NLB: I don’t think it was a conscious plan at first, but when I started setting down my family’s stories the multiple voices came quite organically. Anything that I create is a collaborative effort, because so much of what I write is inspired by what my family have told me – particularly Mum and Bá Ngoại. I think that highlighting this through the chorus of voices enhances the emotional truth of what they have said, and gives me space to consider how I interact with that. For example, in ‘When Bá Ngoại tells stories’, I list quotes from her alongside my own interpretations and contemplations of these.

AH: How do your family feel about featuring in your work?

NLB: My mum is very supportive, and reads everything I write. She’s one of the first people who I send new poems to – so many stem from her stories, and I want to do them justice emotionally. A lot of poets mention having an ‘imagined reader’ when writing: for me, my mum is always the reader I have in mind. She’s told me that it moves her to see how much I’ve held on to her words and experiences over the years – she actually sent me a message about it, which I keep with me:

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Bá Ngoại is the same, although she sometimes needs help from me and Mum to fully understand my poems (my mum provides Vietnamese translations for some parts).

I’ve only recently felt brave enough to start showing my work to the rest of my family. The response has been very kind – like Mum, they’ve been interested to see how I’ve interpreted, interacted with and reproduced their stories.

AH: The opening poem, ‘I watch my mother peel longan fruits –’ is both a beginning, and an ending. It slides in a series of present tense scenes from your personal experience in England, to Saigon. On “a long-ago rooftop” for your mother “longans taste like sour rain/ and street dust.” The action then moves to leaving Vietnam: “The family drives through back roads // dark as the mouths of dogs.” You embed thought and memory into taste and texture so the reader also lives the experience.   Did recreating these scenes from the past also help you to inhabit them for yourself?

NLB: Yes – I think that poems like this help me get to know a version of my mother who I have never met: a young girl growing up in extraordinary circumstances, uncertain of her future. Starting with an image of food felt like a good way to conjure this part of her life, as tastes – and other sensory experiences – have a way of making the spectral very vivid.

I don’t hold these memories first hand, but do I have the fragments that my mother has shared with me over the years – memories of memories. Therefore, my piecing them together in my poems always feels like an act of ‘recreation’, rather than setting down verbatim fact. I think that that would be impossible. So poems like the one above are visualisations of the past: collaborations between my mother’s stories and my internal lens, with a shared emotional truth at their core.

Nat readingAH: The second poem, ‘Divinations on Survival’, uses the I-Ching form, devised by K Ming Chang. Each of the stanzas takes the form of an I-Ching hexagram, and can be read top to bottom, or bottom to top, always from left to right.   One of the images is of the speaker’s “body/ like a cooked fruit unravelling across the sea. in sagging boats.” It is a really powerful way of responding to the dislocations of exile, and forced migration. Did you experiment with any other forms first – or was it always going to be this one?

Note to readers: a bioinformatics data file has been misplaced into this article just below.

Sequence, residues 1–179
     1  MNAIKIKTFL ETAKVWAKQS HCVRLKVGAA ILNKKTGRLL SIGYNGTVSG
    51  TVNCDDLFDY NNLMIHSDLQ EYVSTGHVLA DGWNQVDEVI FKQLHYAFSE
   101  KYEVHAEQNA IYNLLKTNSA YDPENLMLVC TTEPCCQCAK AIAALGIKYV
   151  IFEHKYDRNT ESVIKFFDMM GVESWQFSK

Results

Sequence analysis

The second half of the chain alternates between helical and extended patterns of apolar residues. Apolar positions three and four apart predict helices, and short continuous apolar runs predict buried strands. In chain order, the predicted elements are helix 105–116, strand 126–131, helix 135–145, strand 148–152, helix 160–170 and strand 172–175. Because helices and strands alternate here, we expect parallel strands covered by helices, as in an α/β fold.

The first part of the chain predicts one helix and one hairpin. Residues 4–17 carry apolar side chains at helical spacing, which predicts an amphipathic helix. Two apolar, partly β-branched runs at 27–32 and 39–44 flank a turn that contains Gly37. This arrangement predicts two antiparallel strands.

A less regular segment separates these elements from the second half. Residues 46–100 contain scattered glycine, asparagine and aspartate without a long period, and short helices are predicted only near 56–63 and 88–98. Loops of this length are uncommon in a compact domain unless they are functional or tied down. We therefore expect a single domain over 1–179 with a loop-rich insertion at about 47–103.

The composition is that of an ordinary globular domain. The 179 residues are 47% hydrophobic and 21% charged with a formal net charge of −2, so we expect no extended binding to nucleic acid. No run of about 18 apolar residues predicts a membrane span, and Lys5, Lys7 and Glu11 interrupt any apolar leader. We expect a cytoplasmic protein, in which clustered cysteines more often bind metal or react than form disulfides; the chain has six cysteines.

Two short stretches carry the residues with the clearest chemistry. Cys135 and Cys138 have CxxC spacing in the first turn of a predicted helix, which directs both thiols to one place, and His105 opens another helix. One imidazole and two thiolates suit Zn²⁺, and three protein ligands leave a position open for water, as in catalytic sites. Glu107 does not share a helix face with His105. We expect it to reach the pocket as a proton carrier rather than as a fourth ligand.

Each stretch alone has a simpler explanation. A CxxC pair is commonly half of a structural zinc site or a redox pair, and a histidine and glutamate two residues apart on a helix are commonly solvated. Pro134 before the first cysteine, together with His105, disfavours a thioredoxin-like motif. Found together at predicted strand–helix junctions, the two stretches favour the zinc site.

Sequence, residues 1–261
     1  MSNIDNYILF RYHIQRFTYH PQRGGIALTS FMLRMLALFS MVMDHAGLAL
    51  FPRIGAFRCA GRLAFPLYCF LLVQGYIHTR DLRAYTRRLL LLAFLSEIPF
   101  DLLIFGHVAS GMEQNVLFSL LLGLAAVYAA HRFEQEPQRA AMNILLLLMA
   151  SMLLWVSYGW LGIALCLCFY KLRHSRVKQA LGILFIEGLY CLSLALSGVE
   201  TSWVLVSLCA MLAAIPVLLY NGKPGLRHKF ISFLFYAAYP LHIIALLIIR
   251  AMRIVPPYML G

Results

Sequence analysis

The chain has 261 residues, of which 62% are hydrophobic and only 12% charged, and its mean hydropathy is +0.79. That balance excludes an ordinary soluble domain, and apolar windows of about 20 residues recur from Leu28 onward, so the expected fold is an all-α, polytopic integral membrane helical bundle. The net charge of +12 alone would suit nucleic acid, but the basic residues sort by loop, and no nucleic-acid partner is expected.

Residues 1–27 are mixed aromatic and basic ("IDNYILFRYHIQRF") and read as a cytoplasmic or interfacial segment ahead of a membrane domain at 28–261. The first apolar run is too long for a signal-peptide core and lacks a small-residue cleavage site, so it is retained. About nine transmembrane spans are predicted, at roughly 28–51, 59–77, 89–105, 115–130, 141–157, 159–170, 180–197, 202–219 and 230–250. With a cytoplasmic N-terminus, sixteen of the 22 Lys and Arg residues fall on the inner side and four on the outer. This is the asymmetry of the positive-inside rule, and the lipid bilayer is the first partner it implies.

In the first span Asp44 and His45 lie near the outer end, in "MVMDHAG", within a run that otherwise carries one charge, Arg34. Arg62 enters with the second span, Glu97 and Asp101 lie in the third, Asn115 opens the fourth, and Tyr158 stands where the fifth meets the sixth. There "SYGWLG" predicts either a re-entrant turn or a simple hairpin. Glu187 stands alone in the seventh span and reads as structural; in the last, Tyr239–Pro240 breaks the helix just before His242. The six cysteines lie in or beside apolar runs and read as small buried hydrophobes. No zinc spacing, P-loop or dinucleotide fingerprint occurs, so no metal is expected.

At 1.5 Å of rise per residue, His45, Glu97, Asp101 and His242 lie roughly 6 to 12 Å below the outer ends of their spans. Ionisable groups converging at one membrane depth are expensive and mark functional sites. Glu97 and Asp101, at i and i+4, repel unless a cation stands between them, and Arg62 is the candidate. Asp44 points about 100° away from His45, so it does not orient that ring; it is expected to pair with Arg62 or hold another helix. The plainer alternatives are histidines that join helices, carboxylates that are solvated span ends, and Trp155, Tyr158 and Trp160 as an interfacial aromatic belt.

NLB: The poem came after the form. After I read K Ming Chang’s poem, I was first of all awestruck by what she had created with such imaginative self-imposed restraints, and by the very contemporary way in which she had honoured an old tradition (I-Ching is a Chinese method of divination). I then realised that the sense of enigma and fragmentation created by the form would work well as a way to express certain moments in my family’s history. The stanzas in ‘Divinations on Survival’ alternate between the voices of Bá Ngoại and my mother. They are moments of fear and uncertainty, when they had to put their faith in fate and their own courage in order to survive. I think the content also references the original basis of the form – divinations give a glimpse into the future, but the readings can be unclear and open to interpretation. Likewise, my poem depicts two women facing a precarious and unpredictable future, and trying to keep going long enough to see a better life.

AH: Did you grow up speaking Vietnamese as well as English? I think your family heritage is also partly Chinese?

NLB: I didn’t grow up bilingual, which is one of my biggest regrets. I treasure the fragments of Vietnamese that I do pick up from Mum and Bá Ngoại – my mum helps me record them, which is why they end up in my poems. I feel nourished by the sounds and conversations I grew up listening to, even if I didn’t understand them. My mum taught me a little bit when I was young, but she worked full time as a nurse so it was difficult. Now, I’m making more of a DIY effort to learn, which I think will be a lifelong process.

Ông Ngoại grew up in Xiamen in South China. He could speak Mandarin and Hokkien – as well as English and some French – and so can Bá Ngoại. Ông Ngoại died when I was very young, so I don’t have many memories of hearing him speak. But my mum has told me that he and Bá Ngoại mostly spoke Hokkien together. They didn’t teach my mum or her siblings any varieties of Chinese, so speaking Hokkien was their way of keeping things private.